“She saw it on one of the trips she and Milo Latham took to Italy,” I add, “and was inspired to create her own version of an Italian Renaissance garden here on the banks of the Hudson.”

We all look south toward where the Hudson should be, but the towering pines obscure the view. Instead we are looking down on crumbling marble terraces and broken statuary—statues of the Muses, whose shoulders are mantled with the gold dust of decaying pine needles and whose faces (at least on the statues who still have their heads) are cloaked in shadow and green moss. The hedges and shrubbery—once clipped and ordered—have overgrown their neat geometry and now sprawl in an untidy thicket across the hill. The fountain allée, with its satyrs and sphinxes who once spouted water from their mouths and breasts, leads to a statue of a horse poised on the edge of the hill as if it were about to leap into the dark, overgrown boxwood maze—Aurora Latham’s giardino segreto—at the bottom of the hill. Somewhere at the center of the maze is a fountain, but the hedges have grown too high to see it now.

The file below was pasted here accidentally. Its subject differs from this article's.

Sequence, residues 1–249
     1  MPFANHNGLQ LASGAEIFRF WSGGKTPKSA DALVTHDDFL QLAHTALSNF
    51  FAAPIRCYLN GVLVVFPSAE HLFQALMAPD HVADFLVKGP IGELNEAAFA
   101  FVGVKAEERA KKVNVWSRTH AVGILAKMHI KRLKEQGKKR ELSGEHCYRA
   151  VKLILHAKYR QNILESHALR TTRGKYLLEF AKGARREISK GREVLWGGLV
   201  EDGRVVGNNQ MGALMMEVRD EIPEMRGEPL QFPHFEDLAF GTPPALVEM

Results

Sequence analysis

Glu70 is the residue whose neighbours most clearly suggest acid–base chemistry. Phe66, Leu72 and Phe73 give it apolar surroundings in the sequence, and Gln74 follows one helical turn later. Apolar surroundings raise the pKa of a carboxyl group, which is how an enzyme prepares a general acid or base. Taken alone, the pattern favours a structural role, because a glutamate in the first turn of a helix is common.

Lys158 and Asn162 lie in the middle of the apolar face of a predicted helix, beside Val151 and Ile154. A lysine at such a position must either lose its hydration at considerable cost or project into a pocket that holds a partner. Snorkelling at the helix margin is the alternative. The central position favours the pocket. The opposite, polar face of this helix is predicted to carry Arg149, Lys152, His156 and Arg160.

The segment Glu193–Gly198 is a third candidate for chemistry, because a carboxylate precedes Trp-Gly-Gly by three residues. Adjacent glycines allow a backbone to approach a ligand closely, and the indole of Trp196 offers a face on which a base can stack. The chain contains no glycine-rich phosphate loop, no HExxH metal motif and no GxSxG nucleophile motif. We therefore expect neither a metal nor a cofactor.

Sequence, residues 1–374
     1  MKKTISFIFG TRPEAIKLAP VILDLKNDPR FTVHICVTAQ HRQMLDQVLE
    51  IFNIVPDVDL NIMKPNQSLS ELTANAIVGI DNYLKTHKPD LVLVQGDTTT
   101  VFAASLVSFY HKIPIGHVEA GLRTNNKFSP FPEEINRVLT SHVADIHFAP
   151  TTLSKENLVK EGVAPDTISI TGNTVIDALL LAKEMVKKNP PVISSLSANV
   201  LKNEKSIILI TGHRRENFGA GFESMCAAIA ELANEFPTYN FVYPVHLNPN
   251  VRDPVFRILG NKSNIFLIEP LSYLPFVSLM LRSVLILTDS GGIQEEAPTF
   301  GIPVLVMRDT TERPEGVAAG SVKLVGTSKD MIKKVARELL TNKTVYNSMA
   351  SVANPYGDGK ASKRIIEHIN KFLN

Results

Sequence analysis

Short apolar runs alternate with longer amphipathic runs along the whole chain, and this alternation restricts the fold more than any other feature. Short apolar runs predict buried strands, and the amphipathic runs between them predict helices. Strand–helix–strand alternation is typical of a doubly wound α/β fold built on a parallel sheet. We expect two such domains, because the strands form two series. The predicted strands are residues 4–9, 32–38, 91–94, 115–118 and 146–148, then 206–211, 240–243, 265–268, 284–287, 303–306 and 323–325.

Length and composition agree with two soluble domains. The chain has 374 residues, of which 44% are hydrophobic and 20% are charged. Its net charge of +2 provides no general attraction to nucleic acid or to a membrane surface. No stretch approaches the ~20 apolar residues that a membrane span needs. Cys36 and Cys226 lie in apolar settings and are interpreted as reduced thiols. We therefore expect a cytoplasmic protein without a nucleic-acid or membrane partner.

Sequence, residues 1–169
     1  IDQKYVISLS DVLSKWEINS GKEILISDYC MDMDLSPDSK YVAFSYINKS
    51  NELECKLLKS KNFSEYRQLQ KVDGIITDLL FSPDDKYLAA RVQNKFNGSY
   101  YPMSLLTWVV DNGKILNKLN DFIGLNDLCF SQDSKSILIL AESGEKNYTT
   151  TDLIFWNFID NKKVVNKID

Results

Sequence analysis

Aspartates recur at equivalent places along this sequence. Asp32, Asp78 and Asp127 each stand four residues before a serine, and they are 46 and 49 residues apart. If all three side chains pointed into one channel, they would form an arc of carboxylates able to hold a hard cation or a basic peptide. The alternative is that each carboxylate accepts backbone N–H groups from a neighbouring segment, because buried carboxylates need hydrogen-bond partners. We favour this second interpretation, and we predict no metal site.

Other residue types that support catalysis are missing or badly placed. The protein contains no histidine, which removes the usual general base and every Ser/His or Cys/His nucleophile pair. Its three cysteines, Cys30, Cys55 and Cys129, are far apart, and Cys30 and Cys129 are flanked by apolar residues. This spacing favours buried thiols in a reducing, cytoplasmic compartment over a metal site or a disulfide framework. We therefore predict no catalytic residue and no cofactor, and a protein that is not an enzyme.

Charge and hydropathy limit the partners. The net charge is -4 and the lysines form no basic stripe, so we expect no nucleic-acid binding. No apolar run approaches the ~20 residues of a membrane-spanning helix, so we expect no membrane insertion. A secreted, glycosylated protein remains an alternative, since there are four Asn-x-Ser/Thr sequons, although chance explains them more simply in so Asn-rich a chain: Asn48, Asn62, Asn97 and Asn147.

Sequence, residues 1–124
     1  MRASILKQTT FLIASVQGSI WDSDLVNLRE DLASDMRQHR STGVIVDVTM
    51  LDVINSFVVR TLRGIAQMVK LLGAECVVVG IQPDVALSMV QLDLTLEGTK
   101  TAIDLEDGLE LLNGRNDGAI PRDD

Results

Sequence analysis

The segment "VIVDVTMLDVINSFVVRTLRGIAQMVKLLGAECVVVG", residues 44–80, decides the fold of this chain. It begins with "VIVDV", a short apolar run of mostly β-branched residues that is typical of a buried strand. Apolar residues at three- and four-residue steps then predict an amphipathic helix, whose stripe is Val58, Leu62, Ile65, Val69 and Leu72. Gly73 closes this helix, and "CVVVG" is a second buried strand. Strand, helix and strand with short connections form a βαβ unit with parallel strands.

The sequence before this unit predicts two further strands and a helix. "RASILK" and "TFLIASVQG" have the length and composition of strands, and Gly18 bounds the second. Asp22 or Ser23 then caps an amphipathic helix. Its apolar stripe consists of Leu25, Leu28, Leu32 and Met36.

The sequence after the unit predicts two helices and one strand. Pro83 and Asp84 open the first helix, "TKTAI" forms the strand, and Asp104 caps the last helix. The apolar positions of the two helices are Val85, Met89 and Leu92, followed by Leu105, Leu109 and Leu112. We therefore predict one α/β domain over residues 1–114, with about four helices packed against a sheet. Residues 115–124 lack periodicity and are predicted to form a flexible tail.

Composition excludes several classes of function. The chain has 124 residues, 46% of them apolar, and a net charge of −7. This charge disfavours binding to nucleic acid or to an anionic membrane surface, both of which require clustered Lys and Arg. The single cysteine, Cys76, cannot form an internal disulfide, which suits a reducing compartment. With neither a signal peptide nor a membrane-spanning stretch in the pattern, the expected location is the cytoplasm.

“Actually, the garden’s closer in design to the Villa d’Este at Tivoli,” Bethesda Graham murmurs, sipping her mineral water. “The idea of all these fountains and the springs running down the hill into a grotto and then out to the main fountain and from there to the river and finally to the sea . . . Aurora wrote in her Italian journal that she wanted to create a garden that was the wellspring of a fountain like the sacred spring on Mount Parnassus.” Bethesda pronounces Aurora’s name as if she were a contemporary who’d only moments ago quit the terrace. Of course, I remember, she’s writing a biography of Aurora Latham. Bethesda’s the expert here.